The most famous gastronome of them all, Anthelme Brillat-Savarin, wrote in Physiologie du Gout, ou Meditations de Gastronomie Transcendante (1826): “Dis-moi ce que tu manges, je te dirai ce que tu es.”: “Tell me what you eat and I will tell you what you are.” For some, such as Adelle Davis — Time magazine characterized her as “the high priestess of a new nutrition religion” in December 1972 — the consequences of our food choices are stark: “As I see it, every day you do one of two things: build health or produce disease.”

How do we know if we are supposedly building health, rather than unwittingly producing disease by what we consume? We resolve what economists call “informational asymmetry” by relying on food labels, brands and trademarks to confirm the authenticity and quality of our foodstuffs. But making “correct” food choices can be daunting and baffling. In her groundbreaking book, What to Eat, Dr. Marion Nestle estimates that there are around 320,000 food and beverage products available in the United States; and that the average supermarket stocks about 30,000 to 40,000 of them.[1] While we may not understand the true origins or makeup of what we put on our tables, most baby-boomers can tell you in a heartbeat that Rice Krispies go “snap, crackle and pop,” Lucky Charms are “magically delicious,” and Wonder Bread helps “build strong bodies in 8 ways.”

Two of the most symbolic words in food promotion nowadays are “organic” and “natural.” Generally defined, “natural” means “present in or produced by nature” and is not something “altered, treated or disguised,” but rather “faithfully represents nature or life.”[2] “Organic,” in its most abstract sense, means “simple, healthful, and close to nature.”[3] Both words hearken back to a pre-industrial age and share Edenic, utopian connotations. They imply a general distrust of chemical engineering and manufacturing processes. If we are what we eat, are we not closer to “nature” if we incorporate natural and organic foods into our diet? That is the compelling allure and implicit bargain of consuming organic and natural foods.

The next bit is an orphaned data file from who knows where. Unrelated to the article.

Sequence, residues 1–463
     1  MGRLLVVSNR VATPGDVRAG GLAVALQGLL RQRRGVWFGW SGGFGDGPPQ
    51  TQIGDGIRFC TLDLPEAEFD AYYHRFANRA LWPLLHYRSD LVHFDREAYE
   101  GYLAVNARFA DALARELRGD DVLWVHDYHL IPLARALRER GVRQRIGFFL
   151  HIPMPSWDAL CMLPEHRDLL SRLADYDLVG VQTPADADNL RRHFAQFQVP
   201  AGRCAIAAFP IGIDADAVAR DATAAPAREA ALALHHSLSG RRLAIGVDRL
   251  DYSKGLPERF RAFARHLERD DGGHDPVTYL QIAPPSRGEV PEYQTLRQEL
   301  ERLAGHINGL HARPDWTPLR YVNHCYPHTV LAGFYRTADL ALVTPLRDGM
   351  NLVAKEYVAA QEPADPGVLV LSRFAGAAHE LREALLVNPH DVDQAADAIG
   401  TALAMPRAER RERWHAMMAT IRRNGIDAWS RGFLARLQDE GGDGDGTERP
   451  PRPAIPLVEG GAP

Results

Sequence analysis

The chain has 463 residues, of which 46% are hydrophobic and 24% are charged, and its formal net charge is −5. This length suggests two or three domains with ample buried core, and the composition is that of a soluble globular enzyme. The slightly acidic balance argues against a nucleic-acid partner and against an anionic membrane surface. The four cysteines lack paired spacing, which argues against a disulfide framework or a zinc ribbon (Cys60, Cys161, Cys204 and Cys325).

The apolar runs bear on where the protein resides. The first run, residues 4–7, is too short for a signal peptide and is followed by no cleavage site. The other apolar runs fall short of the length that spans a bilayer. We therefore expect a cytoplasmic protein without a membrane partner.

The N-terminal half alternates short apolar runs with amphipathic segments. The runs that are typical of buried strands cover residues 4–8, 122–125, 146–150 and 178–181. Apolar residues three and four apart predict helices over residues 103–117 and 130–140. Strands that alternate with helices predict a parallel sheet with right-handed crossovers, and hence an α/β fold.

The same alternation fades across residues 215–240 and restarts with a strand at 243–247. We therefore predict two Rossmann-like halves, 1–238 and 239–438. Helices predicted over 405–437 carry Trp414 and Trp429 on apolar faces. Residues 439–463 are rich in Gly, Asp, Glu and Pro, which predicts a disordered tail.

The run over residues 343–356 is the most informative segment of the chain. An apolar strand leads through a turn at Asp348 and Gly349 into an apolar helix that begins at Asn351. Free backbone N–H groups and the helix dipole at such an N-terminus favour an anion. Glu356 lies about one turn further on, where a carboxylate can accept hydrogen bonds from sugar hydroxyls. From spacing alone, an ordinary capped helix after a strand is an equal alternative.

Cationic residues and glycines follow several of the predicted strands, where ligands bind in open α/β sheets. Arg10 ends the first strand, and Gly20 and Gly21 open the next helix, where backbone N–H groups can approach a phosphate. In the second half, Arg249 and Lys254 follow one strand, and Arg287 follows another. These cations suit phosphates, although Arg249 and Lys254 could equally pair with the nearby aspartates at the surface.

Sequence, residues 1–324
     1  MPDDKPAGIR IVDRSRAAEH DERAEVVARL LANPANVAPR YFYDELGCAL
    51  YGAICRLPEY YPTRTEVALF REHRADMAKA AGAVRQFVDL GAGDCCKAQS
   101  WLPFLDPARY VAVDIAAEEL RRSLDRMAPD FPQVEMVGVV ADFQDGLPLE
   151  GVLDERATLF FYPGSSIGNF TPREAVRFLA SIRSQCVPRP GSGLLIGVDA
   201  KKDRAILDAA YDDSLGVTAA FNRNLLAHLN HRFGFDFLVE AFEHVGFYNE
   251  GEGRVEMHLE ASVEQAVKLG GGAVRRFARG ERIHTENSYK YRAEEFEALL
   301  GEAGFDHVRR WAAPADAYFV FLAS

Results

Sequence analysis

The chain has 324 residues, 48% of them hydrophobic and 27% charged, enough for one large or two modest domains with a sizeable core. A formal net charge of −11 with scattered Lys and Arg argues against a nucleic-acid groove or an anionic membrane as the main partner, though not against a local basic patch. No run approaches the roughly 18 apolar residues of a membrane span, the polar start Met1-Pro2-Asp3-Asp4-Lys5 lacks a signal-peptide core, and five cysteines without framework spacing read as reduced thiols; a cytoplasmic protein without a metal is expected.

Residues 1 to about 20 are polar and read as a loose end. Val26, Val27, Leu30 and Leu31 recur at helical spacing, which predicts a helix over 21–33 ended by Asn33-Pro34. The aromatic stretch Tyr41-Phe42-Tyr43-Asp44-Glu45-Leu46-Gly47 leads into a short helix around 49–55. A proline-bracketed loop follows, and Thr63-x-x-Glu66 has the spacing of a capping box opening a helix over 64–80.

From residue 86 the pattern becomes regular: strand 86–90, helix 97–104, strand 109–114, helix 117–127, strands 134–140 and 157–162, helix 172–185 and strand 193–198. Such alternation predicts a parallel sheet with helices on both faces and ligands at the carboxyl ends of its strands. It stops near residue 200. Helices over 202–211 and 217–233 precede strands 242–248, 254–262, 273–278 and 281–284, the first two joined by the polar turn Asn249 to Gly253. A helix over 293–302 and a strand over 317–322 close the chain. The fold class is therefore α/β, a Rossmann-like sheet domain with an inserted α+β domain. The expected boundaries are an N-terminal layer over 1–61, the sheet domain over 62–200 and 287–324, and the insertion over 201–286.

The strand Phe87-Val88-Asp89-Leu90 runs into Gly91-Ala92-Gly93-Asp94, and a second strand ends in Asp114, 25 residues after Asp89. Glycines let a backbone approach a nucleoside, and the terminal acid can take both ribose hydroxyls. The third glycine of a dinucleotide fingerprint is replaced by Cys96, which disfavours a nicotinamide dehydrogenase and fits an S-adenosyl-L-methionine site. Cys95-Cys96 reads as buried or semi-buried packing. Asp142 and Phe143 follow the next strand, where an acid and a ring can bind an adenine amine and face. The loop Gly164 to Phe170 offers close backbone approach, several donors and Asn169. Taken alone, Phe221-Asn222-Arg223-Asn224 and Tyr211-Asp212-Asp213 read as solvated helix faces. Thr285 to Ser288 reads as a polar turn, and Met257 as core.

Read more

Crop Futures: How Surplus Breeds Demand | James Barnett

Here’s a thought experiment: Let’s pretend that human consumption of all soy products and bulk field corn dropped to zero in the coming marketing year, and that everyone knew this was going to occur. What would happen? Well, the prices of these commodities would probably drop back towards where they were circa 2000, an era when demand couldn’t keep up with rapidly improving yields and the entire concept of a grain shortage seemed like a quaint anachronism. The lower prices would presumably in turn reduce corn and soy planting to circa 2000 levels, which is about 10% less than where they are today. But even with virtually no human consumption of corn or soy, at least 90% of this land would still be used for a corn/soy rotation. The best farmland in the Corn Belt would barely see any change at all.

What this reveals is that the relationship between our eating habits and what gets planted on most of America’s farms is a lot less direct than we might imagine. Even with the local food movement taking root widely, industrial agriculture in this country holds its ground, because consumer choices influence only a marginal piece of this highly efficient operation. The ruthlessness with which businesses look to exploit an unused resource can be truly breathtaking. Name a by-product of virtually any agricultural operation, and someone will find a use for it. Heck, there is an active business in feeding chicken litter to cattle. Got something you don’t want to truck down to the landfill? What’s the caloric value of that stuff? Is it a decent source of protein? Maybe someone will take it off your hands.


Read more